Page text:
Have you seen the new Cricut Stencil Vinyl? There is a Smart Stencil Vinyl that works with Joy, Maker 3, and Explore 3 machines. There is also a new Stencil Vinyl that works on a mat with any Cricut machine. Keep reading to learn all about Cricut Stencil Film and find out if it will work for your next stenciling project! I love creating custom signs. I regularly use my Cricut to cut stencils for painted signs so I was excited to try Cricut’s new Flexible Stencil Film to see how well it works.
Want to learn more about creating stencils with your Cricut machine and other materials? Check out my post here.
Small disclaimer: I purchased this Cricut Stencil Vinyl myself and Cricut is not paying for this video or post. These are my true and honest opinions.
Cricut Stencil Vinyl
You can watch me test the new Cricut Stencil Vinyl and make two different signs, just click play on the video below.
Can’t watch the video or miss some of the information? You can also follow along below!
What is Cricut Stencil Vinyl?
Cricut Stencil Vinyl is a vinyl that is a little thicker than regular vinyl and is made specifically for creating stencils. Stencils created with Cricut Stencil Vinyl are single-use stencils which means they aren’t recommended for use more than once.
Cricut Stencil Vinyl Types
Cricut has had stencil vinyl for years. However, recently they released a product they are calling Flexible Stencil Film. It comes in the following sizes:
- Smart Stencil is that is sized to fit Maker 3 and Explore 3 and cut without a mat.
- Smart Stencil that is sized to fit the Cricut Joy and cut without a mat.
- Flexible Stencil Film that is sized to work with any Cricut machine on a Cricut mat.
Stencil Vinyl vs. Mylar Stencil Film
Mylar stencil film is different than Stencil Vinyl in one main way, it is thicker than stencil vinyl and can be reused. In order to reuse the mylar stencil, you’d want to make sure any centers of letters, flowers, or other designs are connected to the outside so they aren’t lost. With Cricut Stencil Vinyl, you don’t have to worry about the fonts or images you use. You’ll be using transfer tape to transfer the stencil to the sign.
What You Need to Stencil With Cricut Stencil Vinyl
- Cricut Machine (any machine will work but note differences in stencil vinyl types)
- Stencil Vinyl (Smart Stencil Vinyl Large, Smart Stencil Vinyl Joy, Stencil Film for Mat)
- Transfer Tape
- Blank or Surface
- Stencil Brush
- Scraper Tool
- This project is made with Design Space files. Click here for my profile. Once on my profile, find the image of the project you want to create, click it to open it up, and then you can make it yourself.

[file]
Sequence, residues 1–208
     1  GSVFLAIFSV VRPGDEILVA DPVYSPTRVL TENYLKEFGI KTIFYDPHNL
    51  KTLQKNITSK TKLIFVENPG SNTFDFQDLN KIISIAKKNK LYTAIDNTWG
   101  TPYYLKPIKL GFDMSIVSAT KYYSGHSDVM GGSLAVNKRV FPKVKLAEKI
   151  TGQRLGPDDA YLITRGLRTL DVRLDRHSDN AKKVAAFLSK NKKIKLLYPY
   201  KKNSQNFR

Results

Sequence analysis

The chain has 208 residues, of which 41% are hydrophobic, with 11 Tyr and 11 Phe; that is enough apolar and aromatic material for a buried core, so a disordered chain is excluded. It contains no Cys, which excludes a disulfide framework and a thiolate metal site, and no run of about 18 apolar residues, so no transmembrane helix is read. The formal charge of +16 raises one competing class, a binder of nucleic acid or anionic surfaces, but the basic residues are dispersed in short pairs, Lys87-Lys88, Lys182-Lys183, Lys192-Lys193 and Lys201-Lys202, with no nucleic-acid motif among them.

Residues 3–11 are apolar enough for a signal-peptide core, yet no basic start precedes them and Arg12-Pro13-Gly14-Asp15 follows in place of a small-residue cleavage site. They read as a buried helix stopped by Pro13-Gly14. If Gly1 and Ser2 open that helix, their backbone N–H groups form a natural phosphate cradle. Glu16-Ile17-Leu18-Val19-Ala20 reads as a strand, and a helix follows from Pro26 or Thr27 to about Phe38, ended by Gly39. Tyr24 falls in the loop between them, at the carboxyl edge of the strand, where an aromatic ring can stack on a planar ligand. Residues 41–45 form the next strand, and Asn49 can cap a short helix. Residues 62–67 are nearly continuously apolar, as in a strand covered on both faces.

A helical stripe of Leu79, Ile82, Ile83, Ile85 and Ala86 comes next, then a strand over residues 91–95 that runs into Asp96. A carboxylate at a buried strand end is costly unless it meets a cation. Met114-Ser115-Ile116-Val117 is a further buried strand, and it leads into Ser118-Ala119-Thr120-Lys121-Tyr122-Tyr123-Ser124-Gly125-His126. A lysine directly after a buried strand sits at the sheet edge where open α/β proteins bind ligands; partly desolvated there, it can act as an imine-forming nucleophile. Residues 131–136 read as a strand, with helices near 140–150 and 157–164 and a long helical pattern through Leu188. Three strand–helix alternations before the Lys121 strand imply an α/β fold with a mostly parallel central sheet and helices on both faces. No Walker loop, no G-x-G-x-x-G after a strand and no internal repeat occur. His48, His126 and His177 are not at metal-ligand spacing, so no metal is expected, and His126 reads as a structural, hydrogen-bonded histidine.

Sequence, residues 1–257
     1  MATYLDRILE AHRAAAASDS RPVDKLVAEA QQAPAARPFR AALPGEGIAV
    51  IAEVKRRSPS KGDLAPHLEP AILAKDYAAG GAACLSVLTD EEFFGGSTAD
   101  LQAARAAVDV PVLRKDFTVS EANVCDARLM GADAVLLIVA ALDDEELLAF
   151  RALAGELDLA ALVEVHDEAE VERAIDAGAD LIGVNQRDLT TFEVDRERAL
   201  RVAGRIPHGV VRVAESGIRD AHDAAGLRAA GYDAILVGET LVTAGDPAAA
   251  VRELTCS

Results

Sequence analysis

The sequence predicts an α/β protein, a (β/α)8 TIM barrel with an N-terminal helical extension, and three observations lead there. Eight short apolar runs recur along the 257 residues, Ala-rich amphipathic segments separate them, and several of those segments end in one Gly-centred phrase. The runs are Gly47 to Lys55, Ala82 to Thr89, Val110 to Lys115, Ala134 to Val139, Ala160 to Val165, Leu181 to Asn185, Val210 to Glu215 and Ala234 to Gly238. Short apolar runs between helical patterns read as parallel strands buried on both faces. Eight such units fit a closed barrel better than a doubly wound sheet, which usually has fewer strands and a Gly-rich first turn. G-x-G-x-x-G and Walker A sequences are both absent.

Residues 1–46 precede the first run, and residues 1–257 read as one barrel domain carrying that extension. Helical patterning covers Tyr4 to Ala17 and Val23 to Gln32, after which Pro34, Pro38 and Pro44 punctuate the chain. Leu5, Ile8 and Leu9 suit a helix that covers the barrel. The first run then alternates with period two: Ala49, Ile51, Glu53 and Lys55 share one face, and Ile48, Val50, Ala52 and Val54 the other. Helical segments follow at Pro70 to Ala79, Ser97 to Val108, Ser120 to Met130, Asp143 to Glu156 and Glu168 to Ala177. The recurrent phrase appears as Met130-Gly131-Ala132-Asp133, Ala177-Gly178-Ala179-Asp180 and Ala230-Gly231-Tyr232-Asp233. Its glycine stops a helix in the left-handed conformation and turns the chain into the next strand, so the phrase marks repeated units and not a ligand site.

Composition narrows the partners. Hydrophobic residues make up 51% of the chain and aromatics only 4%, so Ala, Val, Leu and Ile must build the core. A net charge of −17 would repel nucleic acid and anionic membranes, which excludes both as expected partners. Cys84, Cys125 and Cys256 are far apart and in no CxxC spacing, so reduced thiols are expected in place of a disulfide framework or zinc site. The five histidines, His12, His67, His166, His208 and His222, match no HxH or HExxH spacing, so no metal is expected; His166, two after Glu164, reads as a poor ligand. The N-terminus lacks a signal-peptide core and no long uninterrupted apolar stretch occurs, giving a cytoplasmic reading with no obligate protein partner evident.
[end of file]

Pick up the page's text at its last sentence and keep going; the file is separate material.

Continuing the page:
Prepping Your Blanks for Your Stencil Project
I’m going to test out Cricut Stencil Vinyl on two different projects. I will use the Maker 3 to test the Smart Stencil and cut it matless. I will also use my Maker 3 to cut regular Stencil Vinyl (also called Flexible Stencil Film) on a mat. Here is what I recommend for stenciling prep:
- I stained/painted both of the wood pieces at least 24 hours before applying any Stencil Vinyl to allow the paint and stain time to cure.
- After painting/staining, I went over the top of the base with very light grit sandpaper, like 600 grit. The smoother the surface, the better luck you will have with the stenciling. This step helps prevent bleeding under the stencil vinyl.
- If you’re going for a more rustic look to your sign you can use rougher sandpaper and really smooth out your surface. Your paint will have a more worn look to it. If that’s the look you’re going for, this is a great way to get it.
These tips and tricks are the same no matter what stencil material you’re using.
How to Cut Stencil Vinyl with a Cricut
I’m using two different designs for my projects. You can use any design for your stencil projects and the process will be the same as most other Cricut projects. I always recommend doing a test cut before cutting out an entire project. I cut both of these materials on the default setting and it cut a little deep. They were both usable but in the future, I will likely decrease the pressure to “less”.
Working with Smart Stencil Vinyl
For my first project, I’m using my Maker 3 and Smart Stencil Vinyl. I’m using the Roll Holder and loading the Smart Stencil with the blue side up.
- From the cut screen select “Smart Stencil” as your material.
- Load the material into your machine.
- Press Go to cut. You do not have to mirror Smart Stencil material.
- When it’s done cutting, unload the material.
Working with Regular Flexible Stencil Film
For my second project, I’m still using my Maker 3 and regular Cricut Stencil Vinyl. I’m using the blue, LightGrip mat to cut the Stencil Vinyl
- The material setting in Design Space is called “Flexible Stencil Film” (please note the change in name if you used this material in the past).
- Load the mat and cut your design out (again, you do not have to mirror).
- Press the Go button to cut.
- Once it’s done, unload the material to remove it.
How to Weed Cricut Stencil Vinyl
Weeding Cricut Stencil Vinyl is similar to weeding other vinyl types. Use a weeding tool to remove everything you don’t need. In this case, we’ll be weeding everything that we want to be painted on our sign. Make sure to leave things like the centers of letters and any images.